Speaking of which, out of morbid curiosity, who were the worst major conference running backs according to POE?
|Lowest-Ranked Major Conference Running Backs, 2008|
|262||Dwight Tardy||Washington State||-17.2|
|257||LaMark Brown||Kansas State||-14.3|
|252||Dimitri Nance||Arizona State||-12.8|
|244||Josh Haden||Boston College||-10.9|
|* Rank is according to their ranking among the 267 eligible (min: 50 carries) running backs.|
Rodney Stewart produced a respectable 622 yards (4.7 per carry) in an injury-plagued freshman year in Boulder, but most of his yards came against shady defenses. He produced 107 yards (5.1 per carry) against a usually-decent Florida State defense, but FSU ranked just 64th in Rushing Defense S&P+ in 2008. He also produced 166 yards (5.9) against West Virginia (114th), and 141 (4.9) against Kansas State (88th), and was basically shut down by everybody else.
Using the same methods, who were the top-ranked runners at the quarterback and wide receiver positions?
|Top 10 Rushing Quarterbacks according to POE, 2008|
|2||Julian Edelman||Kent State||Sr.||99.3||64.9||153.1||+34.4|
|8||Pat White||West Virginia||Sr.||67.7||47.8||141.6||+19.9|
Colin Kaepernick was far and away the most effective rushing quarterback in 2008. Combined with a strong backfield mate in Vai Taua (17th among RBs in POE) and the best play-fake this writer has ever seen, Kaepernick has some dangerous weapons at his disposal in 2009. If Nevada can find a decent receiver to replace the steady Marko Mitchell, the Wolf Pack could be scary. Under the great and highly-accomplished Chris Ault, they have never beaten a BCS conference team that finished the season with a winning record, but they will get a couple chances in 2009. They start the season at Notre Dame on September 5 and host Missouri on September 25 -- and both of these teams (spoiler alert!) are projected by Football Outsiders Almanac to have a winning record in 2009.
|Top 5 Rushing Receivers according to POE, 2008|
|2||James Rodgers||Oregon State||So.||30.0||13.8||217.2||+16.2|
|3||Dexter McCluster||Ole Miss||Jr.||45.5||31.5||144.3||+14.0|
|4||Phillip Livas||Louisiana Tech||So.||20.3||10.3||197.0||+10.0|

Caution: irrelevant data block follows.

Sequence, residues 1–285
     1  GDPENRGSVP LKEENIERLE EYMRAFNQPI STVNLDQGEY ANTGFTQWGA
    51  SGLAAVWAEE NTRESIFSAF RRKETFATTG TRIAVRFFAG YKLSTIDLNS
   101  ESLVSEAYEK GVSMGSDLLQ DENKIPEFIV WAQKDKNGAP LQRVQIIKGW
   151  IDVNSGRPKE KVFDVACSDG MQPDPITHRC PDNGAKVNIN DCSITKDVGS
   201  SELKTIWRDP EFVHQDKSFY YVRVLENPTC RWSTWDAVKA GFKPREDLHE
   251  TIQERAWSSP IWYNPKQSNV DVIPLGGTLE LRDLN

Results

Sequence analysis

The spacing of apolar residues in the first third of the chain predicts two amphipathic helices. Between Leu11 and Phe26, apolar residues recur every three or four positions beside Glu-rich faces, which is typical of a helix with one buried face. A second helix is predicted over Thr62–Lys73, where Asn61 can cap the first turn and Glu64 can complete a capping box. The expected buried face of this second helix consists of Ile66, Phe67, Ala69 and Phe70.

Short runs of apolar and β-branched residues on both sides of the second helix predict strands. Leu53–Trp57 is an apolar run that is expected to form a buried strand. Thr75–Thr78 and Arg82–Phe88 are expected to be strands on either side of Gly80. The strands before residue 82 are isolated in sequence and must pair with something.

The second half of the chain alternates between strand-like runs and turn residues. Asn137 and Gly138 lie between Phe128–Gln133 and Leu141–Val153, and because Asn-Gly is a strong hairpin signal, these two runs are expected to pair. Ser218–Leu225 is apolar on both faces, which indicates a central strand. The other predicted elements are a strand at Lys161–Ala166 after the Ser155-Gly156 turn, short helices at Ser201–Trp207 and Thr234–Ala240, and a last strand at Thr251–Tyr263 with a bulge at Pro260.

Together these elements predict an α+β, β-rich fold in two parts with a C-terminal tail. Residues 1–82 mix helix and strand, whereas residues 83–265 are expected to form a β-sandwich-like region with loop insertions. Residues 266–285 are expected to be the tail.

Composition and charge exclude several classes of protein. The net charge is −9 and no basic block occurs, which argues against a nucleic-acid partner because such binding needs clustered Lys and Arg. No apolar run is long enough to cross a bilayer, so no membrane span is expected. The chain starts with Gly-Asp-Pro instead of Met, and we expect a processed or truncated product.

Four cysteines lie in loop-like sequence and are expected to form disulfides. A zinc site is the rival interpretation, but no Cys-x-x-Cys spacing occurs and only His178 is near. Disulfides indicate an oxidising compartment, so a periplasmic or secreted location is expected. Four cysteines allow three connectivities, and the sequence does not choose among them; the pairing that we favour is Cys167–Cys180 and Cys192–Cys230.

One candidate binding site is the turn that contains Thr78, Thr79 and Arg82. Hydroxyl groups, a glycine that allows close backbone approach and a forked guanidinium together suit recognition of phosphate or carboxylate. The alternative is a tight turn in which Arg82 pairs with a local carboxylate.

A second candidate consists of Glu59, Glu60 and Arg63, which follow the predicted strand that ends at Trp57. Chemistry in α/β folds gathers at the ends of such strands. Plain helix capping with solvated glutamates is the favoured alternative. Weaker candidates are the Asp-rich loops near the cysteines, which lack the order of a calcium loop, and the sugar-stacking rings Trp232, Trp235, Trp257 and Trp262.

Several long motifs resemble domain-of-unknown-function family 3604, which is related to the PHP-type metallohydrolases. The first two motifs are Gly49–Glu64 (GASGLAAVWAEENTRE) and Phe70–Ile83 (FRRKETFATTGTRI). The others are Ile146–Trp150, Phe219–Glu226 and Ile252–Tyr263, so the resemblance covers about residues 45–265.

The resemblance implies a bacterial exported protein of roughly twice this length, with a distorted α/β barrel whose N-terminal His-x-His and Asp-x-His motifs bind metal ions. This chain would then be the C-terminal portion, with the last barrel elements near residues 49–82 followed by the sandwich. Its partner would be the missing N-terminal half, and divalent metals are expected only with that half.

|5||Kyle Halderman||Air Force||So.||20.9||11.0||190.8||+10.0|
Missouri's Jeremy Maclin, now with the Philadelphia Eagles, produced a combined +15.8 POE in 2007 and 2008, but while Maclin was a more durable receiver, Percy Harvin (combined 2007 and 2008 POE: +57.5) was in a league of his own in terms of what he could produce at any given moment.
So the next question to ask about POE is whether or not a strong POE is a harbringer for NFL success (or, on the flipside, is a weak one a harbringer of doom)? Data is limited in this regard -- right now, the VN database is still dealing with only two full years of data, 2007-08 -- but it might be a worthy diversion to take a look at 2007 POE levels compared to 2008 NFL production. Below is a list of the 20 running backs drafted in the 2008 NFL Draft (not counting Jacob Hester and Peyton Hillis, who were drafted as fullbacks).
|2007 POE Rankings for the 20 RBs drafted in the 2008 NFL Draft|
|1||Felix Jones (22nd Pick)||Arkansas||82.9||45.4||182.7||+37.5||118 / 81.8%|
|2||Jamaal Charles (73rd)||Texas||114.7||77.5||148.1||+37.3||63 / 15.3%|
|3||Kevin Smith (64th)||Central Florida||182.9||148.2||123.4||+34.7||79 / -0.5%|
|4||Chris Johnson (24th)||East Carolina||103.4||73.7||140.3||+29.7||175 / 9.2%|
|5||Rashard Mendenhall (23rd)||Pittsburgh||106.1||80.1||132.4||+25.9||injured|
|8||Ray Rice (55th)||Rutgers||138.9||116.2||119.6||+22.7||25 / -2.5%|
|9||Jonathan Stewart (13th)||Oregon||102.6||79.9||128.4||+22.7||122 / 7.6%|
|14||Steve Slaton (89th)||West Virginia||82.6||64.4||128.3||+18.2||166 / 5.8%|
|24||Mike Hart (202nd)||Michigan||90.3||76.5||118.1||+13.8|
|36||Justin Forsett (233rd)||California||96.4||85.1||113.2||+11.3|
|37||Matt Forte (44th)||Tulane||140.3||129.0||108.7||+11.2||20 / -7.1%|
|39||Darren McFadden (4th)||Arkansas||116.0||104.9||110.6||+11.2||-2 / -8.9%|
|42||Thomas Brown (172nd)||Georgia||54.9||44.9||122.2||+10.0|
|45||Marcus Thomas (166th)||UTEP||78.8||69.2||113.9||+9.6|
|52||Allen Patrick (240th)||Oklahoma||61.0||51.9||117.6||+9.1|
|53||Jalen Parmele (176th)||Toledo||103.5||94.4||109.7||+9.1|
|54||Tashard Choice (122nd)||Georgia Tech||84.1||75.1||112.0||+9.0||157 / 32.0%|
|86||Chauncey Washington (213th)||USC||63.4||59.1||107.4||+4.3|
|88||Ryan Torain (139th)||Arizona State||36.7||32.9||111.6||+3.8|
|104||Cory Boyd (238th)||South Carolina||53.2||51.1||104.1||+2.1|
With such a small sampling of data, it would be foolish to reach any concrete conclusions here, but it is still worth noting that three of the top four rookies in terms of 2008 DVOA were among the top four seniors in terms of 2007 POE. Felix Jones had the best POE and was on his way to a stellar rookie season before injuring his hamstring, toe, etc.; meanwhile, Darren McFadden was ranked much lower in POE than in most regular statistics, and he finished with a disappointing rookie season. Clearly there is still a lot of work to be done in terms of analyzing POE and how it impacts pro performance, but... look out, Speed Score!
Most Varsity Numbers measures, in one way or another, bounce output versus expected output. POE, a brother to PPP and cousin to S&P and S&P+, does just that. POE, which intends to both evaluate both per-play and cumulative success, could also be used to evaluate receivers and tight ends, but that will be hard without good "pass intended for _____" data (some college play-by-plays record detailed information in this regard, others do not). Right now, it is an RB-only figure, but it is a pretty good one.
16 comments, Last at 16 Sep 2010, 6:16am by edwin.